I draw several important conclusions from this tasting. The consistency of these Willamette Pinot Noirs is staggering. After my tastings, I distributed the samples to two top sommeliers in the Boston area. Both reported how impressed they were with the overall quality of the wines. Clearly, a plethora of talented producers exist in these AVAs. Importantly, though there are clear differences among the AVAs, there is an overall consistent style of Pinot Noir coming out of the Willamette. None of these wines were heavy or, worse yet, venturing into the Pinot Syrah category that can afflict Pinot Noir made from grapes grown on warmer sites or from winemakers who value power over elegance.
Certainly, for any individual producer, the AVAs speak loudly and clearly. The distinctiveness and uniqueness of the AVAs holds up within a producer’s line-up. The differences between Resonance’s black-fruit, minerally Yamhill-Carlton Pinot Noir differs clearly from their red-fruited and spicy one from the Dundee Hills. And those differences held up across both the 2018 and 2017 vintages. In a like manner, Domaine Drouhin Oregon’s bright and pure red-fruited Dunhill Hills Pinot Noir is strikingly different when tasted next to their dark-fruited and more structured Pinot Noir from Eola-Amity. Similar differences were obvious among all of the pairs and triplets that I tasted. Clearly, terroir is alive and present in the Willamette.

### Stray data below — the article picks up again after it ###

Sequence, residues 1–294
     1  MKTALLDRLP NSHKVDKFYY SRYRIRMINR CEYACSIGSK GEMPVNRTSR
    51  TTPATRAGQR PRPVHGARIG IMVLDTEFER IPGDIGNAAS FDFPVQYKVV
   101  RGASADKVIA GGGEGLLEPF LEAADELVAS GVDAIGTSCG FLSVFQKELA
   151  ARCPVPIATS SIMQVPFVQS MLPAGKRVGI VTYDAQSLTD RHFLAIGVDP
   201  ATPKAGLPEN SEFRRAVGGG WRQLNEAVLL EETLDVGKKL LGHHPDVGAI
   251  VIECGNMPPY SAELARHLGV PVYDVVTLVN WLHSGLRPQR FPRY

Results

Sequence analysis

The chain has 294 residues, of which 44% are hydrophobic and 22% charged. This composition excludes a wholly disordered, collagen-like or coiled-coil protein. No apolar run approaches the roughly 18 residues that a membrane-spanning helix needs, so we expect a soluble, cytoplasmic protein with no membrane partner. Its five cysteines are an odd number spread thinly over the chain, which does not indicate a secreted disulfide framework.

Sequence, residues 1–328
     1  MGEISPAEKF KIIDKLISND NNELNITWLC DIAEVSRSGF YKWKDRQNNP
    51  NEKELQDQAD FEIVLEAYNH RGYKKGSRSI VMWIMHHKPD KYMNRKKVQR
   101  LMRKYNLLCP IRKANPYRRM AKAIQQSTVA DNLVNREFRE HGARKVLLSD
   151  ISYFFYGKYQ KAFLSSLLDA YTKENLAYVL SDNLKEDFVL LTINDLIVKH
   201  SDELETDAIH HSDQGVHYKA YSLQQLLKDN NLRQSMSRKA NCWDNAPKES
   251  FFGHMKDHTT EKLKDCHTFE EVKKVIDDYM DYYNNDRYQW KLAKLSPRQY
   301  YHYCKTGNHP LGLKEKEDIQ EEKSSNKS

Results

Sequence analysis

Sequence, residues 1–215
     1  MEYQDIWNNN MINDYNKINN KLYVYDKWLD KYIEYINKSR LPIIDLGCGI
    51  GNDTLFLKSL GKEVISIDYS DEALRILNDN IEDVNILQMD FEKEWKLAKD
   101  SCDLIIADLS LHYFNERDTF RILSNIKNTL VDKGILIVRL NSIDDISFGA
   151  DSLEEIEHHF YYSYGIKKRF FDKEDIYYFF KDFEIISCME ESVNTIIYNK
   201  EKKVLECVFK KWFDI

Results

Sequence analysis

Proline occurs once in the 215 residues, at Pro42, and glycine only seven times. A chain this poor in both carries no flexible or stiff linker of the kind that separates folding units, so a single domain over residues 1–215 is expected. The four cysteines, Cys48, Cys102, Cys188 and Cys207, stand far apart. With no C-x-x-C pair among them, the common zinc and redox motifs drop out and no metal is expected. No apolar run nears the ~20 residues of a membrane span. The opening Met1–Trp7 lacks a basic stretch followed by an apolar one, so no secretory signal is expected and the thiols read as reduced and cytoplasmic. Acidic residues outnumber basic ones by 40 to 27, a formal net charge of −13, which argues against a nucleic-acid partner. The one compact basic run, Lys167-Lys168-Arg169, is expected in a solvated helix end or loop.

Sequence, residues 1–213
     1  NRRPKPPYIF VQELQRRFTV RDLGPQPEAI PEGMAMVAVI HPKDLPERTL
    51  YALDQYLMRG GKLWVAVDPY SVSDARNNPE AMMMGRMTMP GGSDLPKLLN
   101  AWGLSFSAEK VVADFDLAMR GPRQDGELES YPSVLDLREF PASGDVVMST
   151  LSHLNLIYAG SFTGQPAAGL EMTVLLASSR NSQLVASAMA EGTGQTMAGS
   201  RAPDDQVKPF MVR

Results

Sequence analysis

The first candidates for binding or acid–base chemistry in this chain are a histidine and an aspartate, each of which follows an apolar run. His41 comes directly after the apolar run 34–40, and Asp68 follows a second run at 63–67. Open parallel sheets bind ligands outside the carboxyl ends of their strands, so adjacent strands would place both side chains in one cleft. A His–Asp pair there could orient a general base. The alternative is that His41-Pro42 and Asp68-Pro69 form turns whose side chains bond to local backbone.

If I had to describe the AVAs succinctly, the Dundee Hills would be red cherry-fruited, Yamhill-Carlton black cherry-fruited, Eola-Amity Hills minerally, Chehalem Mountains firm and stony, and McMinnville chiseled.
However, once you taste a series of wines from, say, the Dundee Hills made by different producers, the character of the AVA is not so clearly defined. Did the bolder black-fruited 2018 Nicolas-Jay Nysa Vineyard and the more red-fruited and lacier 2018 Lange Estate Vineyard really come from the same AVA? The question, of course, is it producer style or is it the variation of soil and climate even within the Dundee Hills that accounts for the differences between the wines from the same AVA. I suspect it’s a bit of both.
In reality, the situation in the Willamette is no different from that in Burgundy’s Côte d’Or. The AVAs or appellations are clearly different one from the other. But the producer plays a critical role. Just as two wines from Bonnes Mares will differ depending on the producer, so will wines from the same Willamette vineyard, as the three wines from McMinnville’s Momtazi Vineyard show. So, when buying Willamette Pinot Noir, or Burgundy for that matter, consider the AVA, but remember it’s still producer, producer, producer.
I am grateful to the Willamette Valley Wineries Association, which kindly offered to arrange for its members to send me samples. I am also grateful to those producers and others who sent me samples.